22. Castro said he’d propose new civil rights bills like requiring all federal actions be reviewed for environmental and health impacts on low-income and marginalized communities.

    *Please* let him call one of his bills the “Not In THEIR Backyard Act”.

  23. Atlanta Fed model pares U.S. third quarter GDP view to 1.7%

    Markets IMPLODING at 1.7% GDP growth!!

    *Cue Boehm Orange Man bad articles

    1. 1.7% GDP isn’t too bad. But Trump is going to struggle to campaign on 1.7% GDP.

      1. Haha. Lowest Black American unemployment in over 60 years is the winner!

        To borrow a quote LBJ (member of the Party of slavery): Trump will have those Americans voting Republican for two hundred years.

        1. Why do you think they are race-baiting so hard? It has been 30 years since those scales should have fallen from their collective eyes. But there is an entire industry of scale-glue installers fighting that result.

        2. So Kaye is still working then? Good.

          1. Republicans often say that the Democratic Party takes black voters for granted. They are right.

            Uh-oh. Black American women discussing not voting for Democrats.

    2. “Let me tell you, if I wanted to do nothing with China, our stock market, our stock market would be 10,000 points higher than it is right now but somebody had to do this,” D. Trump today.

  24. “en. Elizabeth Warren (Mass.) wants a plan similar to the “Green New Deal” proposed by Rep. Alexandria Ocasio-Cortez (D–N.Y.) and company.”

    So a government takeover of the economy, killing off Hawaii entirely, AND stopping cow farts.


    1. Someone has to pay for Tulsi bitchslapping Kamala…

  25. “Climate activists struggle to convince Dems that green isn’t just for whites”
    “Oakland Democratic Rep. Barbara Lee, who has supported the environmental movement for four decades, said climate activists haven’t connected the dots between how the planet is changing and how blacks have a 19% higher cancer death rate than whites.”

    Just guessing here, but I doubt the very small change in average temperature has zero to do with cancer rates, but then Lee is about as fucking stupid as you can get and still draw a breath.

    1. Lee said the issue was clear at the Democrats’ national meeting in San Francisco last month, when those pushing a climate-themed presidential debate were “99.9% white people.” Most of those lined up to speak against the idea were people of color, she said.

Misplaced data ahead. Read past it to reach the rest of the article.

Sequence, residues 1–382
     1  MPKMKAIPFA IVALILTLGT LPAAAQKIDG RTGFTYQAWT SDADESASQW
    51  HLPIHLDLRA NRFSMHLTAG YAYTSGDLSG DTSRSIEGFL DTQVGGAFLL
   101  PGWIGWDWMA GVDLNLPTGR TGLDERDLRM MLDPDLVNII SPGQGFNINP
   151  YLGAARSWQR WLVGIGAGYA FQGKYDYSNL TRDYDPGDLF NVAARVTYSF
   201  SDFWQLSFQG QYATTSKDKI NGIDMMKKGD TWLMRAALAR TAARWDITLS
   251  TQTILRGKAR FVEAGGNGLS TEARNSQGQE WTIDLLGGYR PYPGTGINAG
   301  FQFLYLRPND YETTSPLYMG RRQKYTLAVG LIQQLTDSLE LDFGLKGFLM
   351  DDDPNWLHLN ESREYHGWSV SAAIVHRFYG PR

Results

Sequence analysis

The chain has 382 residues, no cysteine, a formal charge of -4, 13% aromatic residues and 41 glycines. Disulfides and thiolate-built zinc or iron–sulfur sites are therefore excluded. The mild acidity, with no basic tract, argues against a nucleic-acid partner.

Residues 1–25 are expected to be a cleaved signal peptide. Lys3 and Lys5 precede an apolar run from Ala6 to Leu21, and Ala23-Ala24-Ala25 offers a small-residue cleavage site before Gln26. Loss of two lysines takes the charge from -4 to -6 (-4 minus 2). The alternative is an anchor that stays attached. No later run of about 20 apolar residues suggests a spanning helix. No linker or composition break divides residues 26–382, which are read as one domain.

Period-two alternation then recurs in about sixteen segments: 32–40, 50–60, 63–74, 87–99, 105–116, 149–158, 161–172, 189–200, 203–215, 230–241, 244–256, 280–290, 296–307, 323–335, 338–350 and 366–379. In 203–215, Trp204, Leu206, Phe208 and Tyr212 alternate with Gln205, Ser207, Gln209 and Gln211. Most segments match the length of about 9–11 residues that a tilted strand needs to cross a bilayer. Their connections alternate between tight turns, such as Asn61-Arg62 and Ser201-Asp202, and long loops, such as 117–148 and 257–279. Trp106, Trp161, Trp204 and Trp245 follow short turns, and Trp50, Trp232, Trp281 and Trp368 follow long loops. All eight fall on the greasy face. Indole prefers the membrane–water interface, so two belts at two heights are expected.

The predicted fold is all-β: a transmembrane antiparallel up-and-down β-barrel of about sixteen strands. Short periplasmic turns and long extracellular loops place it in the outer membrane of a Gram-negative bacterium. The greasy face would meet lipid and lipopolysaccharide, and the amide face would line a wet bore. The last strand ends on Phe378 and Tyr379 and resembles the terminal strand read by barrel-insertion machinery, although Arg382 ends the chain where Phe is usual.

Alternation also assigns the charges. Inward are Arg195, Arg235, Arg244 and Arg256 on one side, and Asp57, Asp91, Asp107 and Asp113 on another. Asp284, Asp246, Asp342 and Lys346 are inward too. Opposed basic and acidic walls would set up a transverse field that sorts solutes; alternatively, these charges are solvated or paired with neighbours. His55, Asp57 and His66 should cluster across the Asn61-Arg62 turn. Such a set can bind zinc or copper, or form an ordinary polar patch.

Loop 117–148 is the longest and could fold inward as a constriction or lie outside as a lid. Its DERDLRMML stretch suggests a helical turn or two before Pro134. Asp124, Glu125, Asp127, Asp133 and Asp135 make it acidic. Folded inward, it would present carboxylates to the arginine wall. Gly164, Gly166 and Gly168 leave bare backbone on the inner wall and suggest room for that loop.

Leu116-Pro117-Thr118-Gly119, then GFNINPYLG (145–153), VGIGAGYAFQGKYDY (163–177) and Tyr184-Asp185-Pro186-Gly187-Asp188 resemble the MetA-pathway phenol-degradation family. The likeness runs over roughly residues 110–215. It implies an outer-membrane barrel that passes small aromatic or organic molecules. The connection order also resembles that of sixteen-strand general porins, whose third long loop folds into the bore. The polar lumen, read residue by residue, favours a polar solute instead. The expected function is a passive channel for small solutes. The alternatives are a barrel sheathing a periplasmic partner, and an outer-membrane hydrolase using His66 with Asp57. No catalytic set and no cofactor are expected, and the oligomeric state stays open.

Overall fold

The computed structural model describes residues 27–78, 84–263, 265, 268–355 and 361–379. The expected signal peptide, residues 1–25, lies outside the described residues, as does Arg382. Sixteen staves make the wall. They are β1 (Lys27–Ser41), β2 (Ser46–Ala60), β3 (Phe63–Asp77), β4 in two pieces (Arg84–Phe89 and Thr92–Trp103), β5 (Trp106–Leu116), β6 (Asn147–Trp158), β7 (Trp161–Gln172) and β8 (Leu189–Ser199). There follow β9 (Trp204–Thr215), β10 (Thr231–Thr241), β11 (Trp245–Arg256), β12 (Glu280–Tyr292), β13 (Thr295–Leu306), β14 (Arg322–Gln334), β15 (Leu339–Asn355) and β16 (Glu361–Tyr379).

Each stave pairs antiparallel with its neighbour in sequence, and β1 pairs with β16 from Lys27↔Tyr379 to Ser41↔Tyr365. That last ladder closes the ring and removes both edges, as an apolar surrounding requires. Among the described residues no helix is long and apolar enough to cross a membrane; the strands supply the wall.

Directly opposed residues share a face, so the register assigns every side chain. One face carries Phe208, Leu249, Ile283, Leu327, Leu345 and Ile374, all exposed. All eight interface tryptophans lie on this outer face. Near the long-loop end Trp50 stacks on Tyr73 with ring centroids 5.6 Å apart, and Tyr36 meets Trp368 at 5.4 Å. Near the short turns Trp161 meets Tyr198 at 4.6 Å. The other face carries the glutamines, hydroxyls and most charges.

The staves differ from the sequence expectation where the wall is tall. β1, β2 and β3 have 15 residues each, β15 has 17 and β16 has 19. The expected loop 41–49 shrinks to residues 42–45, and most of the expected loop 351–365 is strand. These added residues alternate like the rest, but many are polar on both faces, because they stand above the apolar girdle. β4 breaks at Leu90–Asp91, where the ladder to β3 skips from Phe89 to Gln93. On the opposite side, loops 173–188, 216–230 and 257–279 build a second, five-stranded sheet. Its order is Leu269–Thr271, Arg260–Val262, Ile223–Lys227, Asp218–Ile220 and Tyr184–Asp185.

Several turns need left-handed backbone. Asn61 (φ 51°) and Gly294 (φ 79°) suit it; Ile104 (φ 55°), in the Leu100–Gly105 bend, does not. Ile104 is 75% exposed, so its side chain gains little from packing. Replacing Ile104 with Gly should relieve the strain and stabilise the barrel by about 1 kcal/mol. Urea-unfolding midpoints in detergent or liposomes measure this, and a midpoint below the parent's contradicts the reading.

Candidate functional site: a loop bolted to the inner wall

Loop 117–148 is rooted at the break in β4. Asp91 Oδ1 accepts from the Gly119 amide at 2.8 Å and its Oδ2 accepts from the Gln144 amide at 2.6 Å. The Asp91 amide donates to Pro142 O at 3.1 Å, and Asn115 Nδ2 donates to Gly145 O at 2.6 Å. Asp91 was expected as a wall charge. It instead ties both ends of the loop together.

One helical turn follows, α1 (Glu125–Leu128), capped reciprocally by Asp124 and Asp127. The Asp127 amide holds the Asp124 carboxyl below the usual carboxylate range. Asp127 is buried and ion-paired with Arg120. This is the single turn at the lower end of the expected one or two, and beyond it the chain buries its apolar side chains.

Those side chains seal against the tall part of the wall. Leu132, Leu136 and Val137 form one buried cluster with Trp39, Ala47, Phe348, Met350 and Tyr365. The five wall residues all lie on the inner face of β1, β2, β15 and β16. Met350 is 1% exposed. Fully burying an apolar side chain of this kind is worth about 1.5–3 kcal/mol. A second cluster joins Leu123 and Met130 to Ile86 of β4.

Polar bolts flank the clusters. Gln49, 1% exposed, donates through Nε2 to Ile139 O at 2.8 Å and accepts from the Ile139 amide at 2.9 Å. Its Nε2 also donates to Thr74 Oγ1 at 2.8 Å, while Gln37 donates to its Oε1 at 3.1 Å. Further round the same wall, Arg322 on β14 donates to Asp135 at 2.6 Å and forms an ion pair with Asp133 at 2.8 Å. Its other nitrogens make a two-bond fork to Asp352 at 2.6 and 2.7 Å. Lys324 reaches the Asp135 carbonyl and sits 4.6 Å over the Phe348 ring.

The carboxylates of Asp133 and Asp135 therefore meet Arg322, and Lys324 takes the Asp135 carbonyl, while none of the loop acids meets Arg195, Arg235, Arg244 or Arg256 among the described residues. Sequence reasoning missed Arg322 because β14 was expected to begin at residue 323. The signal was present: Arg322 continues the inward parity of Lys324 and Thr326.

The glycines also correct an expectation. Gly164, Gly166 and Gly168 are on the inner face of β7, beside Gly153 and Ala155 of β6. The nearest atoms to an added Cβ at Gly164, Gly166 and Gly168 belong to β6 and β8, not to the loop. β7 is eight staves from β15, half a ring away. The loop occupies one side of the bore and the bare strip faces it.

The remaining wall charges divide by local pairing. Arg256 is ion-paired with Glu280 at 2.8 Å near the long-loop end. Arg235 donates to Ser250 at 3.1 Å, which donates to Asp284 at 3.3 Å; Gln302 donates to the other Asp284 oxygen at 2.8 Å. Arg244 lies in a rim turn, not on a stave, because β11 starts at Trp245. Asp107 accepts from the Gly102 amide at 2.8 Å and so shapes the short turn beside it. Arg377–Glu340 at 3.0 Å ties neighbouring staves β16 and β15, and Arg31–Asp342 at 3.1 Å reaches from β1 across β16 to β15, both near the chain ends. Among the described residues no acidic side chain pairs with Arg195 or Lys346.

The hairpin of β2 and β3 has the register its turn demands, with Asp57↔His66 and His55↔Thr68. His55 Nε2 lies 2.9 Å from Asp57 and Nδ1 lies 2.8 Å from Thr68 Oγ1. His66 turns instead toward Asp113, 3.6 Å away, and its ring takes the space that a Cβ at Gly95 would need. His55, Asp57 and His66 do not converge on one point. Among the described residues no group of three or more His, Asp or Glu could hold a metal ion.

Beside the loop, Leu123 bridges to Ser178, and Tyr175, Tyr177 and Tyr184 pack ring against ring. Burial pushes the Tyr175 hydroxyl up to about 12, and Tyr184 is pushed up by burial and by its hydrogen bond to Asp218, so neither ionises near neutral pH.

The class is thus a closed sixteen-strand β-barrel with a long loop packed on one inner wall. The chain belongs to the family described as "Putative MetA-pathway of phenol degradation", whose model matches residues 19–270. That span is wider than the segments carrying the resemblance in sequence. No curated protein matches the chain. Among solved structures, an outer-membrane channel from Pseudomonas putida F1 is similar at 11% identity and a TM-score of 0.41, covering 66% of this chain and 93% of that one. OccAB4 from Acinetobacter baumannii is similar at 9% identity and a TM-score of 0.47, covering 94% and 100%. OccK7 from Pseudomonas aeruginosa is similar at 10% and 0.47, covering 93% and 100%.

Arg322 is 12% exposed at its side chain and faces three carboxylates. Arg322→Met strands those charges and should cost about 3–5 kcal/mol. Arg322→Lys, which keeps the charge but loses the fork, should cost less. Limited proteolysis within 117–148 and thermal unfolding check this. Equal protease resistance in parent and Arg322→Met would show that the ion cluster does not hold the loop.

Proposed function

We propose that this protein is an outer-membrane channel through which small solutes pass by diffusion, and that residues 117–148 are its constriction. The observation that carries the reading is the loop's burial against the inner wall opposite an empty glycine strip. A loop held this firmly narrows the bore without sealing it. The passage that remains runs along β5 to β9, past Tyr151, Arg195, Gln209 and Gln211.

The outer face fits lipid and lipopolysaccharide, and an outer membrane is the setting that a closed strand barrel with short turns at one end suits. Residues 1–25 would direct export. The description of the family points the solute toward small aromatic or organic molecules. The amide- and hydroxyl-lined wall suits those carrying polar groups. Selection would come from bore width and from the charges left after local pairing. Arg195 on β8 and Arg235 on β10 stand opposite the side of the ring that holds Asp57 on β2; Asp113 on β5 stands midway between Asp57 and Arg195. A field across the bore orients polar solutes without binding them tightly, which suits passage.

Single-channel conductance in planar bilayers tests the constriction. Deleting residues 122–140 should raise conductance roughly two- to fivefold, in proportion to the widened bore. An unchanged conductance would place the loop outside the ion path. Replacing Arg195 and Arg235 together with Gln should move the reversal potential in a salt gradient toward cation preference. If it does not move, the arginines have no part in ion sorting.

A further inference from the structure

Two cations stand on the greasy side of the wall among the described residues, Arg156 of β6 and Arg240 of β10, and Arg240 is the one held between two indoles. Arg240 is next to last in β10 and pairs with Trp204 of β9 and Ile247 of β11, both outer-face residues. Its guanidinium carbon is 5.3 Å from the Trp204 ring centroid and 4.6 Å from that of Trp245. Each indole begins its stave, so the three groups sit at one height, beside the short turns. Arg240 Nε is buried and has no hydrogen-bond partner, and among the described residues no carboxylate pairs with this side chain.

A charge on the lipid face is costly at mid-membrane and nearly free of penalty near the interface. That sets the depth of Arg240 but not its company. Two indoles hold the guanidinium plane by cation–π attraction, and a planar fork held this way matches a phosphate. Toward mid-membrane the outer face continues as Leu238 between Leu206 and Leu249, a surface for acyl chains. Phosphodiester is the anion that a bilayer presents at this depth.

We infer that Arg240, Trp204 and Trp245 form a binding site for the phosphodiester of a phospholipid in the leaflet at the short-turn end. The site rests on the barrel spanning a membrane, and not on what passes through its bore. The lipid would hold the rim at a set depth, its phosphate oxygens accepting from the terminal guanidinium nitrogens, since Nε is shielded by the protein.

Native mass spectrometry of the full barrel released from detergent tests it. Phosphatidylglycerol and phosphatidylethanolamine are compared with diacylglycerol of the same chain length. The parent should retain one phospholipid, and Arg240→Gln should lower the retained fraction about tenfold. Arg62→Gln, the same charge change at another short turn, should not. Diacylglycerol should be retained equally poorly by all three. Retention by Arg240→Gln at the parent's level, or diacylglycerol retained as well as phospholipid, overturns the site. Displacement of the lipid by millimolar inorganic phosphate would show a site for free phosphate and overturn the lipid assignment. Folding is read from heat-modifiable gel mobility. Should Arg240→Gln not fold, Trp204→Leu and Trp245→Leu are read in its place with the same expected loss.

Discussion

“See?! Climate change is making POC *stupid*!”

      1. Katastrophic Klimate Khange!

  26. Interesting decision on North Carolina districts. Interesting, because it was the courts that inspired the bizarrely jerrymandered districts in the first place.

    Back before we had a post-racial society (remember that – way back before we were the most racist nation in the history of the earth?), the courts were ordering that districts be constructed to ensure that African American candidates would be elected by making majority African-American districts. So NC complied by tying the African American areas of Charlotte with the African American areas of the Triad – nearly a two hour drive away.

    Of course, this accomplished that stated goal. But it also concentrated every democrat in the state into a couple of districts, leaving everything else republican majority. Something that it took democrats several years to understand as their doom.

    So it is interesting that the courts are now worried about political party affiliation, rather than race.

    Something makes me think that they have only been worried about political outcomes the entire time – and it is all down to which party you think is “fair” in determining which kind of jerrymander is the good kind.